News flashes are posted here frequently to keep you up-to-date with the latest advances in health and longevity. We have an unparalleled track record of breaking stories about life extension advances.
Vitamin D supplementation associated with improvement in mood, desire in women
February 19 2018. A study reported on February 14, 2018 in Endokrynologia Polska resulted in improvement in female sexual desire, orgasm and satisfaction, as well as mood, after supplementation with vitamin D.
Based on researchers Robert Krysiak and colleagues’ previous finding of an association between deficient vitamin D levels and abnormal female sexual function, a trial that examined the effects of six months of oral vitamin D supplementation was conducted among 47 women with deficient or insufficient plasma vitamin D levels. Women with vitamin D deficiency, defined as plasma 25-hydroxyvitamin D levels that were lower than 2 nanograms per milliliter (ng/mL), were given 4,000 international units (IU) vitamin D per day, and participants with insufficient levels of 20-30 ng/mL were given 2,000 IU daily or no vitamin D. Questionnaires that evaluated female sexual function and depressive symptoms were completed before and after the treatment period.
At the beginning of the study, female sexual function questionnaire scores were significantly lower (indicating increased impairment of sexual function) and depression scores were higher (indicating a greater level of depression) in women with deficient vitamin D levels compared to women with insufficient levels. Supplementation with vitamin D was associated with improved sexual desire in both deficient and insufficient women. Among participants with vitamin D deficiency, vitamin D improved total sexual function scores and scores for sexual satisfaction and orgasm, while decreasing total depression scores.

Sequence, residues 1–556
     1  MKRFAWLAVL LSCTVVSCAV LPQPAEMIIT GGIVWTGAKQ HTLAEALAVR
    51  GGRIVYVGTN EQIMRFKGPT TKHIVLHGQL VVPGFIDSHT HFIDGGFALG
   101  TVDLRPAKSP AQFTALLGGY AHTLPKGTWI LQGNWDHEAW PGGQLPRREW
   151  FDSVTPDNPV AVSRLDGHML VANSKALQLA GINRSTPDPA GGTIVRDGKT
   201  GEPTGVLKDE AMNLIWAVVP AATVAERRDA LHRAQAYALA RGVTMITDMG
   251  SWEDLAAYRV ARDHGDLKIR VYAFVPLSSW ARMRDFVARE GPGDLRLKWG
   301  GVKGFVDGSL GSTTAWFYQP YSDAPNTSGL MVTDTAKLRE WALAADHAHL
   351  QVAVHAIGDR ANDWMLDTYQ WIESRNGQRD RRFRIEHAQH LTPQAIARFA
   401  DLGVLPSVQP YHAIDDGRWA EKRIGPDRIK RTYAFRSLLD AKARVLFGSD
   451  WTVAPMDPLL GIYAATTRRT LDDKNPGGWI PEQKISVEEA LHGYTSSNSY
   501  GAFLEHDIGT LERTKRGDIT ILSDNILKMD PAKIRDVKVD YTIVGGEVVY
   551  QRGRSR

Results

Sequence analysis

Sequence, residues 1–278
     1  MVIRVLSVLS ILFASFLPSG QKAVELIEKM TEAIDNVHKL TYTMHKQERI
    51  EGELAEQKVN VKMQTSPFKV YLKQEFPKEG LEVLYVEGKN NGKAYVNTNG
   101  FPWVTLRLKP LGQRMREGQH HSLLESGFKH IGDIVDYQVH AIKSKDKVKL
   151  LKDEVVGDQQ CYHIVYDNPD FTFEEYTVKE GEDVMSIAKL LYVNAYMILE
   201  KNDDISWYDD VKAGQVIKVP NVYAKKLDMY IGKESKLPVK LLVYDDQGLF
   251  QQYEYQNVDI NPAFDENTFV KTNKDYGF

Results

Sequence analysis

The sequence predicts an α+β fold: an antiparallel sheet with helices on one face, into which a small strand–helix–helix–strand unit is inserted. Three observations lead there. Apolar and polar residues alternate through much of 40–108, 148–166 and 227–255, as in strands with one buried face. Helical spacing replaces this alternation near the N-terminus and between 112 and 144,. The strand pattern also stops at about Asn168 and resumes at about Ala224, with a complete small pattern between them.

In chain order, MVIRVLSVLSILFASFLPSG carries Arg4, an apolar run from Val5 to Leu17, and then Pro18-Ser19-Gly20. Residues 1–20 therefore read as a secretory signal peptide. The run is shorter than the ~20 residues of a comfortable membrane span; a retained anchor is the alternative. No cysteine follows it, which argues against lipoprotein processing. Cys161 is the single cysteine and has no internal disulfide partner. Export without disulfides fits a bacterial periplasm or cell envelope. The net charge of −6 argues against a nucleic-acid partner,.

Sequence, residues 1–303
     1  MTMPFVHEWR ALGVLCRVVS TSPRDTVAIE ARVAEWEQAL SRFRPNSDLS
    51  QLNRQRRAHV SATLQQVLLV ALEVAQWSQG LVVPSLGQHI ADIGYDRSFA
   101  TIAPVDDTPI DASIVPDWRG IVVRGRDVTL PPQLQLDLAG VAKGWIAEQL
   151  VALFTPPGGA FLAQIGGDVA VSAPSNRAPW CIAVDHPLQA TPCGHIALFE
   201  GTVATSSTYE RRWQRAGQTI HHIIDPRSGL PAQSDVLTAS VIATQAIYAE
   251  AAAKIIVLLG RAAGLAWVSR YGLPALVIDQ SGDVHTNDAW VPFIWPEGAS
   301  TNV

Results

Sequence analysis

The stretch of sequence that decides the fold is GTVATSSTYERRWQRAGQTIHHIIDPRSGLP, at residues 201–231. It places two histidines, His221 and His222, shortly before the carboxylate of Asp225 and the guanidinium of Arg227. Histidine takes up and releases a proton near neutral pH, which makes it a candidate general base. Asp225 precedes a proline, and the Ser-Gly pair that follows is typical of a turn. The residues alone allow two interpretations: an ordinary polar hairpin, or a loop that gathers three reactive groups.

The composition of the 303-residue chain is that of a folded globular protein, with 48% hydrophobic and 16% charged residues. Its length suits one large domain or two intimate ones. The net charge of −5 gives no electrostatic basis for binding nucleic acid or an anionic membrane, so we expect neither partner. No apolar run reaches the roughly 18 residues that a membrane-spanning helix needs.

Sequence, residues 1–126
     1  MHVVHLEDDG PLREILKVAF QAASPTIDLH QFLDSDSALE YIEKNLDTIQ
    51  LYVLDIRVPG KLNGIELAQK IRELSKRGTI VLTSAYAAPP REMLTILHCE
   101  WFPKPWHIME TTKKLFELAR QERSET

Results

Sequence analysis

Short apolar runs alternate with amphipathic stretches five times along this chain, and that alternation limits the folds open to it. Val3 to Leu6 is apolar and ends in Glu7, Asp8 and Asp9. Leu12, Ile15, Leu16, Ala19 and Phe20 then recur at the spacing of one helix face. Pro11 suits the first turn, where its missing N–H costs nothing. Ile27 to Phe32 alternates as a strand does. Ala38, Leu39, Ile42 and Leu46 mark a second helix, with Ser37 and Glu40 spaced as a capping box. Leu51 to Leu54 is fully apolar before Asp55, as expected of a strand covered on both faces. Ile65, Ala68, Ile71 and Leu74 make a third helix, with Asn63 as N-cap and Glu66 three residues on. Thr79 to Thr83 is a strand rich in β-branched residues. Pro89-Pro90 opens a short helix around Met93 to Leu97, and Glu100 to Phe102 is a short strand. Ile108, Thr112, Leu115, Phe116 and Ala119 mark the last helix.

In their discussion of the findings, the authors remark that “It is possible that genital blood flow, as well as hormonal and neural regulations of sexual function are disturbed in women with hypovitaminosis D and correlate with its severity.”
“The obtained results indicate that vitamin D supplementation improves female sexual functioning and mood in women with low vitamin D status,” they conclude.
Ketone supplementation associated with lower blood glucose
February 16 2018. A randomized, crossover study reported on February 15, 2018 in the Journal of Physiology resulted in a reduction in blood glucose and improved insulin sensitivity following the ingestion of a ketone monoester supplement by young, healthy participants. Ketones are byproducts of the breakdown of fat for the production of energy when the intake of carbohydrates is limited. Ketones have been previously shown to lower blood sugar levels when infused into the bloodstream.
Ten men and ten women between the ages of 18 and 35 years received a drink containing the ketone monoester supplement or a placebo after a 10 hour fast. This was followed one half hour later by the consumption of a drink that contained 75 grams of sugar. Blood samples were collected every 15 to 30 minutes over a 2.5-hour period and analyzed for glucose, lipids and the ketone body D-beta-hydroxybutyrate. The experiment was then repeated with treatments switched between subjects.
Among participants who received ketones, D-beta-hydroxybutyrate levels were higher and blood glucose and nonesterified fatty acid levels were significantly lower following the intake of the high sugar drink. According to authors Etienne Myette-Côté and colleagues, “The reduction in glycemic response did not appear to be driven by an increase in insulin secretion but was accompanied by improved markers of insulin sensitivity.”
"Our study was done in healthy young participants but if the same responses were seen in people with, or at risk for, type 2 diabetes then it is possible that a ketone monoester supplement could be used to lower glucose levels and improve metabolic health,” commented lead researcher Jonathan Peter Little, of the University of British Columbia's Okanagan Campus. “We are working on these studies at the moment.”